That's not to say the company has ignored its set-top box over the years, having boosted functionality through content offerings and firmware improvements, but the third-generation kit definitely fell behind rivals in specifications. Content deals are one thing, but ease and speed of use on more recent devices like the Amazon Fire TV, Chromecast, or Roku boxes surely prompted a new plan.

Priced at £59 ($69) now ($99 then), the third-generation Apple TV first released in March 2012, with 1080p video support and redesigned software, but this box received a minor update in January 2013, adding a smaller A5 chip but leaving core functionality untouched. It was still a black box (measuring 22.9 x 99.1 x 99.1mm), and it only came with an aluminium remote and power lead.

With zero buttons and only a single status light on the front, the third-generation Apple TV was simply designed and had to be controlled via its aluminium remote or Remote app. Around the back of the device were  ports for connecting it to your TV. You'd see power in, HDMI out, optical audio out, Ethernet, and a Micro-USB socket. You connected it to your network via wireless 802.11b/g/n.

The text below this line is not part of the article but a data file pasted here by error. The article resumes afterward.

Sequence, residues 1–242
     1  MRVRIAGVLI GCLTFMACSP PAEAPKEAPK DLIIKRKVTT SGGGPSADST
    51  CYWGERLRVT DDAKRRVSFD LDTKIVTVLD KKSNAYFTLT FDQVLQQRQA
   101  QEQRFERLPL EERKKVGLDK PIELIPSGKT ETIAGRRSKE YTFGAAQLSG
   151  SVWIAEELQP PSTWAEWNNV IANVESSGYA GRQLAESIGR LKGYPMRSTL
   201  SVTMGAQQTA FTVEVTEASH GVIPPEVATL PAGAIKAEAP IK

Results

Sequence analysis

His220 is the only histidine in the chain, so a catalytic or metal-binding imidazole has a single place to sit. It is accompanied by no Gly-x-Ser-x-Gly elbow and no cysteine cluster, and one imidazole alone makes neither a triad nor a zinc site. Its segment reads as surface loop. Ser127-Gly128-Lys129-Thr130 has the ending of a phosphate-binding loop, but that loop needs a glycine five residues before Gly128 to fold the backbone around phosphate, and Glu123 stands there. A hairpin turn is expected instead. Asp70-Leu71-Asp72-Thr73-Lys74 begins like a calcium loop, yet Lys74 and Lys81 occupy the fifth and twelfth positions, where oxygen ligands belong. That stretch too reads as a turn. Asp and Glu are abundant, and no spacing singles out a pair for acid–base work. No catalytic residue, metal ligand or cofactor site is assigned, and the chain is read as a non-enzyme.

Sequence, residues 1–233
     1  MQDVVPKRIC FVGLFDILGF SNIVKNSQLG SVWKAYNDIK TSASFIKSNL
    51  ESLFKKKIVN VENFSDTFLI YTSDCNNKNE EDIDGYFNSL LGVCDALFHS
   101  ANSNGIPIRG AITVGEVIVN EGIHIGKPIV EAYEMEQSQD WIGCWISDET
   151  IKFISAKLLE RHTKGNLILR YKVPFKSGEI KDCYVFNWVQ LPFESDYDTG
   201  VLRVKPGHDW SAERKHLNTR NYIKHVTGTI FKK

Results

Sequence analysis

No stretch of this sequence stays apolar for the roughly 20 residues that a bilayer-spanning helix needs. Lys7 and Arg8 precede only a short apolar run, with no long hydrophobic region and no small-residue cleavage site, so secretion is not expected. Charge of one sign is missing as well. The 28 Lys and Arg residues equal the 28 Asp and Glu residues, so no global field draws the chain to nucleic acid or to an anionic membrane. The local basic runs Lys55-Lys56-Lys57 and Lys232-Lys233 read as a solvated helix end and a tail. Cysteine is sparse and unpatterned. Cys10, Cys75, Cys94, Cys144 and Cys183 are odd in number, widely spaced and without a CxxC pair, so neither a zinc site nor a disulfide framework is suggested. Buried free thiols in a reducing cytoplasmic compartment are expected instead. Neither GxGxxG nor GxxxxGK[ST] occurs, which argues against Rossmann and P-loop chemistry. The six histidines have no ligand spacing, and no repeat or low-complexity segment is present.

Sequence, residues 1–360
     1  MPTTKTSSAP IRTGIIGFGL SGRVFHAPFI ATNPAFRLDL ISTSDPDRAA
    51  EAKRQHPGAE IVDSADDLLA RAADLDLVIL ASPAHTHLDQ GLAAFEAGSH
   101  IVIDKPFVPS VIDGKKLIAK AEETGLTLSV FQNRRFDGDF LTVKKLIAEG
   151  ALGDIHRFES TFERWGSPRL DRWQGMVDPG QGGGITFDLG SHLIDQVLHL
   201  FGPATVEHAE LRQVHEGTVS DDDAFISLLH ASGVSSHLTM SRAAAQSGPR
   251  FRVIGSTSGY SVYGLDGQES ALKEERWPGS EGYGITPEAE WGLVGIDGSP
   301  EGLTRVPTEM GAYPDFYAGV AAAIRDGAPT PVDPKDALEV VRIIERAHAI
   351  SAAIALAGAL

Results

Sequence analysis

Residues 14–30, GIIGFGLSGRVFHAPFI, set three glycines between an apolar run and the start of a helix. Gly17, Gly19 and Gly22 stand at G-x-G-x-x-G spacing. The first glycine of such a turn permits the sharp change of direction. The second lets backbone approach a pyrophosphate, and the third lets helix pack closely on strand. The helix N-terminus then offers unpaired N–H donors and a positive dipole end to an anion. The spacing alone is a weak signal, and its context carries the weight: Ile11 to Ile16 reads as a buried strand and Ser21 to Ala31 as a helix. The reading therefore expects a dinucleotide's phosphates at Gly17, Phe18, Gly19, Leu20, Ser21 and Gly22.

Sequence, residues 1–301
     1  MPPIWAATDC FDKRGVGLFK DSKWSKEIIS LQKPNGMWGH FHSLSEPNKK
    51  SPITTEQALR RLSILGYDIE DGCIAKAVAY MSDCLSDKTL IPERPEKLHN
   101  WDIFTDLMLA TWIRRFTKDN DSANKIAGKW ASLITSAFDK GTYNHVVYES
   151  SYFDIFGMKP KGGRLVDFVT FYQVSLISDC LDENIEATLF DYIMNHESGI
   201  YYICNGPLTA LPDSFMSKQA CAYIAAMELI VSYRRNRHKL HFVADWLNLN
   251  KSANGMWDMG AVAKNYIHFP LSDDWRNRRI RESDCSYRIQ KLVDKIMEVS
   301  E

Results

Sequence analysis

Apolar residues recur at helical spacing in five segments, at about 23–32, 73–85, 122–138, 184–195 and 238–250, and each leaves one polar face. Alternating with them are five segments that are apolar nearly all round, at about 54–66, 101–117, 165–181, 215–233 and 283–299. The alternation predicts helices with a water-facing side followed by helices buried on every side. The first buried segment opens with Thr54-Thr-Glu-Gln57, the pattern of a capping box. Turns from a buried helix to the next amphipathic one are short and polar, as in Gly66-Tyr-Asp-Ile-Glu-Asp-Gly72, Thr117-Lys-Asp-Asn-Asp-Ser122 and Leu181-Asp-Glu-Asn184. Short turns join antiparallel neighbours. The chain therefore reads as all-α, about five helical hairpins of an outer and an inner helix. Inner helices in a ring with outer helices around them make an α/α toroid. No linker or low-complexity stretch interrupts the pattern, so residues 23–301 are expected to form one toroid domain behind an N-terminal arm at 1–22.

The set-top box featured an A5 processor, a 32-bit system-on-a-chip designed by Apple and manufactured by Samsung. It was the successor to the A4 (debuted in 2011 with the release of iPad 2). The chip's aging capabilities were most noticeable when Apple released new software for Apple TV alongside the launch of iOS 8. It made the box's interface line up with the look of iOS 7.

It wasn't a dramatic overhaul, but some rectangular tiles, such as Movies, TV, Shows, etc, were changed to look brightly-coloured and flat. The tiles served as app-like buttons or channels to Apple's streaming services, including iTunes Radio, iMovie Theatre, and third-party services like Netflix and HBO Go. The new software also brought iOS' primary typeface: Helvetica Neue. 

In addition to playing movies, music, podcasts, and television shows through iTunes and third-party channels, the third-generation Apple TV supported AirPlay, allowing iOS devices and computers running iTunes to send streaming music to the television, as well as several features that were built into iOS 8 and OS X Yosemite, like Family Sharing and iCloud Photo Support.

Oh, and if you were wondering, you can still buy the old Apple TV (2013) for $69 from Apple.

Apple TV: What did the rumour mill have to say?